Review: The Vegetarian Myth

Another reason my honeymoon was a dream come true: Ample time to sit in the sun and ogle my hot Cavehusband while catching up on my Vitamin D and my reading.

Not too shabby.

I’ve wanted to review Lierre Keith’s The Vegetarian Myth: Food, Justice and Sustainability for some time. It’s a difficult book on which to place a clear label: the passion of Keith’s concern for the well-being of Vegetarian and Vegan…well, self-tasked soldiers is unrestrained and her arguments contain a hefty dose of emotion, rage and unabashed “feminism” – the word “radical” even appears –  and in this politically sensitive world it’s easy to brush off any idea that comes packaged in Emotions.
But Lierre isn’t the only person passionate about sustainability. There are good-ole’ guys in the Midwest – my home state, even – who have taken on the yoke as well. This passion is not limited to the radical feminists, the soy-chowing “hippies,” or the Yogis. It’s for anyone who desires health or a more peaceful world; anyone who survived the Dust Bowl; and anyone who can’t sustain their farming operation without subsidies.

Back to the theme of this book.
Certainly, there are “nutritional vegans” and “nutritional vegetarians,” but any health bias is easily put right with a bit of science (Food Lies: Soy post to come). Overall, the Vegan and Vegetarian lifestyles are nearly always driven by emotional commitments and well-intentioned but short-sighted moral beliefs. This is why Keith’s equally-emotional philosophical discussion is valid. Necessary. Vital. In truth, the “moral imperative” of Vegans and Vegetarians actually holds the potential to destroy their personal health and crush Mother Earth far more handily than would “perennial polyculture.”
Keith has extreme sympathy for her Veg bretheren. She was a fiercely devoted Vegan for 20 years. Her book is not a diatribe against Vegans; it is an education on a more loving approach to animal rights, health, and the survival of Earth’s precious resources. It is a cause beyond Veganism that embraces the health of the entire planet while understanding the human’s proper place in the cycle of life, death, and regeneration. So many people, including this Vegan Realtor in Philadelphia, don’t realize that compassion for animals isn’t a language spoken only by PETA; but a cause to be carried out with profound gratitude for our Earth, our resources, and our biological place – a cause that exists independently of the compartmentalized cruelty of factory farming.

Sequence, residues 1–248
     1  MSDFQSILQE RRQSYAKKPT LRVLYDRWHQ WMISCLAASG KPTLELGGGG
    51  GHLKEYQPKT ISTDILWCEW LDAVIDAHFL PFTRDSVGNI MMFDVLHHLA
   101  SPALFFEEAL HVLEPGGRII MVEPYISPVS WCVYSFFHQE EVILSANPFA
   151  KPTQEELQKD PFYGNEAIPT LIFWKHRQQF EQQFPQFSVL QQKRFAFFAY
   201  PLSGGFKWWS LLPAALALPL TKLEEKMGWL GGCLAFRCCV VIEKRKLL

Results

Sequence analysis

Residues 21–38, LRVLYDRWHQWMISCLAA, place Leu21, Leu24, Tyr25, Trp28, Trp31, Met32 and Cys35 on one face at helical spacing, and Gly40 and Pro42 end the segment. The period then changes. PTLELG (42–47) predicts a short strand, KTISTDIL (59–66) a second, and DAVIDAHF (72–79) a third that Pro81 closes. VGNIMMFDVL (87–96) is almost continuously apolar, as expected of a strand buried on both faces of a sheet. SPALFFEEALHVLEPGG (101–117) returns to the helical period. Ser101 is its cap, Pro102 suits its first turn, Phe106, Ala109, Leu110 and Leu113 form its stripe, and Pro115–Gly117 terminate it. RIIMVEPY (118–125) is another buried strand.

This guy just doesn't get it. Photo courtesy of Meghan Waldeck.

In her 20 years as a Vegan, Keith lost her health and her sanity to a Cause with a foundation that proved shaky at best – and entirely backward at worst. She started and ended her Vegan journey with the same love and passionate concern for animals, the world, and justice; but realized along the way that she’d assigned herself a false moral imperative.
I was moved by her mission:

“I want my life – my body – to be a place where the earth is cherished, not devoured; where the sadist is granted no quarter; where the violence stops. And I want eating – the first nurturance – to be an act that sustains instead of kills.
“This book…is not an attempt to mock the concept of animal rights or to sneer at the people who want a gentler world. Instead, this book is an effort to honor our deepest longings for a just world. And those longings – for compassion, for sustainability, for an equitable distribution of resources – are not served by the philosophy or practice of vegetarianism.”